A 1989 Department of Defense Polygraph Institute (DoDPI) study found that 60 percent of subjects were incorrectly cleared in a test that measured the subject's knowledge or guilt of a crime. The results of this test concluded that the ability to identify those guilty or knowledgeable of a crime was significantly worse than chance.(8) The Supreme Court in the Scheffer case referred to various studies which placed accuracy from 50% to 90%.(9)

The courts are divided on whether to admit evidence obtained during a polygraph, some disallowing it on the basis that it is not scientifically valid, while others leaving it to the discretion of the trial judge. The supreme Court continues to leave the question of its admissibility to the individual courts, deciding only that a blanket exclusion is not unconstitutional. Statements made during the course of a polygraph exam are not admissible in a criminal case unless given voluntarily, because of the Constitutional protections of the Fifth and Fourteenth Amendments.(10) However, the denial of a security clearance or access to classified information, or the denial of or loss of employment because of the withholding of a security clearance is not a criminal sanction, so even if a polygraph test were required, the Fifth Amendment right against self incrimination would offer no protection.

Federal administrative agencies handling employee appeals of adverse actions deal with polygraph results in a number of ways. The Defense Office of Hearings and Appeals which decides appeals of security clearance decisions, has held that admissions by an applicant made during a polygraph examination may be admissible even though the results of polygraph examination are not.(11), Such "results" would include the polygraph charts and the polygraph operator's interpretation of those chart, The DOHA Appeal Board has held that Paragraph D.6 of DoD Directive 5210.48 which states that: "no adverse action will be taken solely on the basis of a polygraph examination chart that indicates deception" does not bar the use in evidence of applicant's admissions. DoD Reg. 5210.48-R provides, however, that the "results of an analysis of the polygraph charts may be considered to have probative value in administrative determinations.(12)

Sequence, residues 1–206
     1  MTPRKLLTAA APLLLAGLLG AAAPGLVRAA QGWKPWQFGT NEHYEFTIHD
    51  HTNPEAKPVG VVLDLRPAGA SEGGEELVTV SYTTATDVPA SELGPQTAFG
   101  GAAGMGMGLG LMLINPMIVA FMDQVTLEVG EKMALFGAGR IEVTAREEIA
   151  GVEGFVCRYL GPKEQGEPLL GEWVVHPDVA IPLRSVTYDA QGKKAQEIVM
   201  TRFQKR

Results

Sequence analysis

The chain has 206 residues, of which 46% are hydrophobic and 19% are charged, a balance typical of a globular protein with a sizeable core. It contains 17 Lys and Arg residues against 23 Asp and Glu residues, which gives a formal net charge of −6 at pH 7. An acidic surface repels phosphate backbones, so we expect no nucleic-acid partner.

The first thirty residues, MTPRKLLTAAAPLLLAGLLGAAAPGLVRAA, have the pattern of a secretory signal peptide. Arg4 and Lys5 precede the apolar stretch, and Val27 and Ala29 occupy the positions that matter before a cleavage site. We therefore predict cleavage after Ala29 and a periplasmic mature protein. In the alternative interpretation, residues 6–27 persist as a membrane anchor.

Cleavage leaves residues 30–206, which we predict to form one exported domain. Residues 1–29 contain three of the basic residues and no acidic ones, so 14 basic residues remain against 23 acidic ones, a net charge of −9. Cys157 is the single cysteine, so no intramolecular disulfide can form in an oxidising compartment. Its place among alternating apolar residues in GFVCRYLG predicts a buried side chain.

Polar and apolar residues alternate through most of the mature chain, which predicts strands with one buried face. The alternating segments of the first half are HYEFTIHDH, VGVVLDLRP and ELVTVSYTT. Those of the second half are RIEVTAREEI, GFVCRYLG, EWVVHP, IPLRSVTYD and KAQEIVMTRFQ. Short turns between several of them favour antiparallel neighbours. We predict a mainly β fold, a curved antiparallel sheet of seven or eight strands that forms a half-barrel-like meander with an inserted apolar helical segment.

The Federal Merit Systems Protection Board, another government agency which considers appeals of adverse employment actions, including whether the proper procedures have been followed in security clearance decisions, does allow the results of polygraph tests into evidence if a foundation is laid establishing the reliability of the test. The MSPB, while finding that polygraph results may be admissible, does not hold that the result of such tests must be accepted into evidence.(13) That decision is left to the presiding official to determine what weight is to be given such evidence.(14)

The MSPB, in a 1980 case, listed a number of factors to be considered in determining the reliability of polygraph evidence. The rigorous test of reliability established in that case was in 1997 substantially diminished in a case allowing into evidence an investigator's summary of the results of a polygraph test which the investigator had found in the files of an earlier police investigation. The basis for admitting it in 1997 was that it was a "public record or report" admissible under Rule 803(8) of the Federal Rules of Evidence, and that the problem of "double hearsay", went simply to the weight not the admissibility of the evidence.(15)

The MSPB allows both the employee and the government to bolster its case with polygraph evidence, but tends to give more weight to tests which support the government's case than those which support the employee's version of the truth.(16) The MSPB's use of polygraph evidence has been affirmed by the Federal Circuit Court of Appeals, holding that it is within the province of the presiding official's credibility determinations.(17)

The Use of The Polygraph by the Department of Defense

The use of the polygraph for any Department of Defense program is governed by DoD Directive 5210.48, which states the DoD policy, and DoD Regulation 5210.48-R which implements it. This Directive and Regulation apply not only to the military Departments but also to the Defense Intelligence Agency and the National Security Agency which are components of DoD. They do not cover its use by the other agencies dealing with national security information except to the extent that DoD personnel may be assigned or detailed to them.